Built in 1933 as the spacious liner 'SS Washington' and operated by the United States Lines, "SS Washington" was acquired by the Navy on 16th June, 1941. With the Axis powers overrunning Europe and the Far East situation getting worse by the day, Navy planners had been forced to draft all available ships for conversion to troop transports in order that war should not approach USA shores.
Upon being acquired by the Navy, the ship was renamed 'SS Mount Vernon', after the famous home of George Washington. She was immediately put into the Philadelphia Navy Yard where her 100 dollar a day suites were stripped and replaced with many steel bunks to take care of the countless passengers she was to carry for the next four years.
On 16th June, 1941, 'USS Mount Vernon' was put into commission with Captain D. B. Beary assuming command. After conversion was completed, "Mount Vernon" sailed for the North Carolina coast for manoeuvres. Many long hours were spent there testing the efficiency of men and machinery. In late August 1941, after a layover in Hampton Roads, 'Mount Vernon' sailed to Boston, where her armour was installed.
'Mount Vernon' got underway from Boston to Halifax, Nova Scotia, where she joined a convoy en route for Trinidad. From Trinidad, AP 22 sailed eastward for Cape Town, South Africa. Unknown to her crew at that time, was the fact that she was actually on an around-the-world cruise. Whilst she was cruising from Trinidad to Cape Town, the Japanese attacked Pearl Harbour and the United States was now at war.
After a brief stay at Cape Town, 'Mount Vernon' skirted around the Cape of Good Hope, the tip of South Africa and set course north for Mombasa on the east coast of Africa. She arrived on Christmas Day and instead of finding the traditional snow and Christmas Tree, liberty parties found jungle colours in the over abundant orchids, with gardeners, basket weavers all at work in the streets. Animals were cheap and began appearing aboard ship. While one officer was standing his "officer-of-the-deck" watch, a monkey appeared on the quarter deck. Trying to be friendly, the OOD offered his hand only to see the monkey suddenly grab the hand with both fists and his teeth. However, the OOD didn't have time for disciplinary action as his sentry appeared with a horrified look on his face, pointing towards the dock. Upon looking down the OOD saw a sailor serenely ambling towards the ship leading his newest pet, a gigantic elephant. Divested of her monkeys, elephants and other pets, 'Mount Vernon' sailed eastwards once again putting in at the Maldive Islands group situated on the equator. The stay there was brief however and the ship continued on for Singapore.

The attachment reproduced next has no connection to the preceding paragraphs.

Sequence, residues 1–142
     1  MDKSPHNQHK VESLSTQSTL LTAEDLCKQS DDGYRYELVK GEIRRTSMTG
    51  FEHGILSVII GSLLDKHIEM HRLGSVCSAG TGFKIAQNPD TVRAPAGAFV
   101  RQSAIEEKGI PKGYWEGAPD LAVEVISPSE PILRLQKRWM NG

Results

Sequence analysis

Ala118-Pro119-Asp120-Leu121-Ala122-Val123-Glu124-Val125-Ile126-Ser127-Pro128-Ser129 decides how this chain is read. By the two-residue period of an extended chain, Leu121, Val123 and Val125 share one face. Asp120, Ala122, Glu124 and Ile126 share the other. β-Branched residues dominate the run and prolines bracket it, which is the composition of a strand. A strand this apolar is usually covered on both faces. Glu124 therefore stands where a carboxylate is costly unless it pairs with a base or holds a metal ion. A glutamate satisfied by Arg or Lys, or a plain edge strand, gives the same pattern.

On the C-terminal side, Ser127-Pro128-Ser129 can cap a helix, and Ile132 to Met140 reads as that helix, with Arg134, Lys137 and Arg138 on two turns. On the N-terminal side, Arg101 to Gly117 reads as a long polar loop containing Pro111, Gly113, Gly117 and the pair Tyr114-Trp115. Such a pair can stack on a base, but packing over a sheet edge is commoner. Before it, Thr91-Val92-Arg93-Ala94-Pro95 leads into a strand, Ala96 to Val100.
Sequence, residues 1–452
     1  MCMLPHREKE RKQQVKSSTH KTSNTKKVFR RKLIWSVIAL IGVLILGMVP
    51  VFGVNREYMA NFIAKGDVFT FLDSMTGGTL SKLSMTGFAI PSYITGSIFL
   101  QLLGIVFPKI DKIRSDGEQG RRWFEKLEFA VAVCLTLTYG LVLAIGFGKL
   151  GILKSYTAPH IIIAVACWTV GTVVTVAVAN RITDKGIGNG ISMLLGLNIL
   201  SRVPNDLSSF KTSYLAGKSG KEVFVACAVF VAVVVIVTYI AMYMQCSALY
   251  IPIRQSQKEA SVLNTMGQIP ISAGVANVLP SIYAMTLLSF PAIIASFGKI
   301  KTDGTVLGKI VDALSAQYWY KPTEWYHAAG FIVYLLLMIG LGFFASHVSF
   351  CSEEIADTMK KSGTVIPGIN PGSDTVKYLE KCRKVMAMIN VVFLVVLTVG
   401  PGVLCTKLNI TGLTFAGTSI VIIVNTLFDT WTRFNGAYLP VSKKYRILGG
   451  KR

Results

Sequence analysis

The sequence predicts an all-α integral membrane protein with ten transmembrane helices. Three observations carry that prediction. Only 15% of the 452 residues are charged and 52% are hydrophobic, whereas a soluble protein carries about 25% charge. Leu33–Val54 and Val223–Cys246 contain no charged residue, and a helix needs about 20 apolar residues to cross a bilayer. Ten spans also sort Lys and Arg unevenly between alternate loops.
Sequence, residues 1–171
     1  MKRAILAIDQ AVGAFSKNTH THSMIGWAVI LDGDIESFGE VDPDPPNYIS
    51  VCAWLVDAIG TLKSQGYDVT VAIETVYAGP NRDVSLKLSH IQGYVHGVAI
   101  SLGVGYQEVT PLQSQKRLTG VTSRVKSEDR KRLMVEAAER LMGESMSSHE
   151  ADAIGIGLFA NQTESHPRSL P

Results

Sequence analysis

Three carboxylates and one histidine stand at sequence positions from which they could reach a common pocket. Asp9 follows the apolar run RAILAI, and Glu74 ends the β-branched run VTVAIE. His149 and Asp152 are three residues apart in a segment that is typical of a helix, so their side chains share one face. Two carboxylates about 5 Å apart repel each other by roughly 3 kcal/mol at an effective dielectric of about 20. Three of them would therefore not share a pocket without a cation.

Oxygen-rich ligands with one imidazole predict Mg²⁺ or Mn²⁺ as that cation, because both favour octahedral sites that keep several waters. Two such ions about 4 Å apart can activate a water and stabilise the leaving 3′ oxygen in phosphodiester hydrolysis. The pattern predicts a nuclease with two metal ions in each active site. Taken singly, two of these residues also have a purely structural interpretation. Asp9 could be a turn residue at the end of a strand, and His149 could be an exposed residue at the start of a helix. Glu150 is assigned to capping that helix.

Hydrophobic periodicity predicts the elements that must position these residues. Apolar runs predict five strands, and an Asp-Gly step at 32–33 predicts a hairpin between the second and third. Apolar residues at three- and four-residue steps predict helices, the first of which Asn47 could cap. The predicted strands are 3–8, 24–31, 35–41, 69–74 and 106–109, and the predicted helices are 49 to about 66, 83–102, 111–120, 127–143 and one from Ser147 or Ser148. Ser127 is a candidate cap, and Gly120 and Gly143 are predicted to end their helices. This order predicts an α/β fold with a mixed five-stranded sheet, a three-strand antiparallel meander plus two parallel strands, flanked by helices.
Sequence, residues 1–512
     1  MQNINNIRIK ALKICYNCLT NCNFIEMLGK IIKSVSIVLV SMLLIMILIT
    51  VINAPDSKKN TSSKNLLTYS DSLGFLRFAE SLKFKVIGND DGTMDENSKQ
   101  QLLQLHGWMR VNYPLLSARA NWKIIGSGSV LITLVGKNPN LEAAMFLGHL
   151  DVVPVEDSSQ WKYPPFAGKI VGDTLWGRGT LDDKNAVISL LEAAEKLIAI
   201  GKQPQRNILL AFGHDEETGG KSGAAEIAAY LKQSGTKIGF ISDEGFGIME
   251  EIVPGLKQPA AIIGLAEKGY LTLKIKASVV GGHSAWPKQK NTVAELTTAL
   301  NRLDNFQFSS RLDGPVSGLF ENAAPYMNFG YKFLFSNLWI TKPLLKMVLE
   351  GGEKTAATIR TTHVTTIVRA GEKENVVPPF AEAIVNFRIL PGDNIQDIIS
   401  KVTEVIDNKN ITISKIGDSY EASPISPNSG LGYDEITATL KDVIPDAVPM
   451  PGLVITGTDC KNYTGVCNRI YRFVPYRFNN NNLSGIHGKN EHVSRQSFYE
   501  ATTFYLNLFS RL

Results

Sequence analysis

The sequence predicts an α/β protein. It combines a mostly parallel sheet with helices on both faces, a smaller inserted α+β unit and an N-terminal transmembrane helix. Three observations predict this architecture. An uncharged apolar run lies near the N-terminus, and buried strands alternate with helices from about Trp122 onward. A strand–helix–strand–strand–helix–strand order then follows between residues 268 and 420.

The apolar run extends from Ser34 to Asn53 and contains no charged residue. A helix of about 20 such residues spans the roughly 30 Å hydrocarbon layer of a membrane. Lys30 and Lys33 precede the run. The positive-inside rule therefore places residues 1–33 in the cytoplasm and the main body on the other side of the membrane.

Whilst transitting the Johore Straits, 'Mount Vernon' narrowly missed a floating mine and shortly afterwards the radio picked up an air raid warning. The Japs were coming, but upon coming into visual range, rain clouds blew over and a heavy rain squall screened the ship from view. The planes could be heard overhead searching for the ship. About forty planes appeared in all but the weather prevented an attack.
At Singapore 'Mount Vernon' moored to a pier to disembark British troops. A British tanker came alongside to fuel her. The tanker boasted as being a jinx for all ships she had fuelled in the past three weeks had been sunk. However, 'Mount Vernon' ruined her record by staying afloat. Dogfights between British and Japanese planes became common place while at Singapore and several raids sent the crew to their battle stations. However the worst scare came on 15th January, 1942, when at 09.45 an air raid alarm sent 'Mount Vernon' to battle stations. All morning, tense with excitement, the ship waited with gun crews, aware that the ship's guns were not enough. Though it was still cloudy, all the city lay in complete silence. By 12.30 half the crew had been sent to chow and the chow line had grown from the after-mess hall out on to the fan tail. Suddenly a Jap plane swooped in and dropped six bombs. All landed in a field about a hundred yards away from the ship. The ominous sight was their pattern, the exact length of the ship. This one action caused the gunner's mates to keep the guns ready for action for the next four years though, as it turned out, this was the only occasion for their use.
The following day 'Mount Vernon' sailed for Aden. Arabia proved to be a mystifying country to her sailors. The first liberty parties were met by a swarm of taxi drivers, money changers and jewellery merchants. Mothers even offered their children for sale. The crews agreed that Aden was the choice training grounds for all pawnbrokers.